So ticked at husband

Discussion in 'General Parenting' started by JJJ, May 16, 2009.

  1. JJJ

    JJJ Active Member

    First, I am gone all day with Piglet's various games and husband has the boys. He let Tigger go down the street to a friend's house. He let him stay at least 3-4 hours. NEVER ONCE WENT DOWN AND CHECKED ON HIM OR MADE SURE THE PARENTS WERE OKAY WITH IT. He says "I sent Eeyore to check." Honestly, their house could have been on fire and Eeyore would not have reported that, only "yep, Tigger is still there".

    Now Tigger is not allowed to go back there. UGH! The one house he was allowed to play at and now because husband was lazy and didn't want to deal with him, Tigger is not allowed back because he WAY overstayed his welcome.
  2. nvts

    nvts Active Member

    JJJ! Don't they drive you nuts?!!! Mine's watching "I Am Legend" for the 865th time and the difficult child's + 1 are all over the place.

    Remember: Duh with out the "u" is husband!

  3. ML

    ML Guest

    I am so sorry. I don't want to man bash because I respect our dads on this site too much. But it does feel like I work circles around husband on every level of our lives together. I keep reminding myself to keep expectations non existent lol. I hope you are able to do some damage control and Tigger's friends give him another chance.

    Hugs, ML
  4. tiredmommy

    tiredmommy Site Moderator

    Poor Tigger... it really sounds like husband needs to step it up in the parental involvement area. Have you apologized to the other parents? Maybe offer to take their child so they can have a date night or such? I know you shouldn't have to, but Tigger is the one that will suffer. :(
  5. Marguerite

    Marguerite Active Member

    TM is right, that approach may help. I would explain to the parents what happened and also try to involve husband in the apology. Eventually, at least.

    Keep husband in the loop asmuch as you can, on the consequences of what has happened.

    DHs who are not as connected with the day-t-day management of our kids (especially their social lives) tend to mentally snap back to how they did things when they were 11. And forget that was a long time ago, a different place, a different time, different attitudes. Life has changed and we have tighter standards by which we control our kids' play.

    Example - difficult child 3 was invited by his best friend (also autistic, but milder) to go fishing on Good Friday, with a lot of friends. It was a group of 10 year old boys togeter, and one 15 year old. I KNEW there would be no adults along. The boys - most are nice kids, but a large enough group of boys can get into trouble so easily when there is no adult along, especially if acouple of them are a bit weird (ie difficult child 3 and his best friend). So I went along too. Not as chaperone - oh no. But the boys needed SOMEONE who could bait hooks, tie on lures and mind the rods when they gve up on fishing and decided to jump in for a swim instead.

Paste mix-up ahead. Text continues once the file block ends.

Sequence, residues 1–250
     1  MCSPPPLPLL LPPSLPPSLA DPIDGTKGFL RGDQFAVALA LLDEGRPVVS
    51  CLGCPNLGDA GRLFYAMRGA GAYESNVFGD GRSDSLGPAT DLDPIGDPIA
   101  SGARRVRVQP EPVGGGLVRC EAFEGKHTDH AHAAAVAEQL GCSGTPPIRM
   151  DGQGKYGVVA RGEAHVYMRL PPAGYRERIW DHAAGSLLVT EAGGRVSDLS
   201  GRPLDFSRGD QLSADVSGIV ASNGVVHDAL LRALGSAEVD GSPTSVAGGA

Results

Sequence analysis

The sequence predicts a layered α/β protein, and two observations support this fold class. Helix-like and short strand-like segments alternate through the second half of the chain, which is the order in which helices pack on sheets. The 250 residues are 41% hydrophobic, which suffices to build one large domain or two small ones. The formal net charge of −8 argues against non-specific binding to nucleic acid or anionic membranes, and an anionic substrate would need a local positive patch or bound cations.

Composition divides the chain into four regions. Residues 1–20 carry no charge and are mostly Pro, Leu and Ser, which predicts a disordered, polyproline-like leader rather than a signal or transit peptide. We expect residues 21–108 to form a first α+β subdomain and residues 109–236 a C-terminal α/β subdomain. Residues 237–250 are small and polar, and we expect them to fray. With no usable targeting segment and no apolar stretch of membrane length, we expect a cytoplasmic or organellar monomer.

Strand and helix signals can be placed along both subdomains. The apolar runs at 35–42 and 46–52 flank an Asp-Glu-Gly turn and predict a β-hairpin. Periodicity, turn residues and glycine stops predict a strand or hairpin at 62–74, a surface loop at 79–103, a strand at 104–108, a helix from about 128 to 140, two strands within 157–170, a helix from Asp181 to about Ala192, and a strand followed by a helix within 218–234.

Nothing went wrong. The boys were all good to one another, no unpleasantness, no real reason for me to be there.
    Except - if I hadn't been there, would they have been so well-behaved? Maybe. But who knows? I played down my profile, I did my best to blend in, I tilted my hat back and pretended to snooze. But I was still there, just in case.
    And I enjoyed myself, it was a relaxing place to be and I enjoyed watching the boys have fun. From the swearing that I heard (and did not correct) I suspected my "blend in" worked.
    I was also there and able to hose things down when difficult child 3 got upset at not getting his lures back (MY lures, thank you!) when it was time to go. Those lures cost about 20c each, one was permanently part of the marine substrate, having got tangled in a mangrove root. Another was falling apart. I had no trouble with letting the boys keep the lures on their rods - what were WE going to do with them? We still had two and we can buy more in the local shop any time.
    If I hadn't been there at that point, it could have gotten unpleasant due to difficult child 3. He needed a social guide at that point (I can't expect 10 year olds to have the maturity to handle him when he's upset).

    Would your husband "get" this example?

    Another thought - why not get your husband to do something like this with a group of boys (even if it's just Piglet and one friend)? If you can go too, then that would be good. But the more exposure husband has to the range of situations where his quiet guidance would be welcome, the better.

    We all need to remember to involve our husbands more and to keep them involved in "refresher courses" in meeting the needs of their own kids. I realsie that for some of us, the phrase "kicking and screaming"comes to mind.

    Whatever it takes.

  6. lillians

    lillians lillians

    husbands ,, most at least ,,cannot cope if they have to deal with stuff,,,my hubby loses it ,,, when confronted by behaviours,,it seems here as well is my job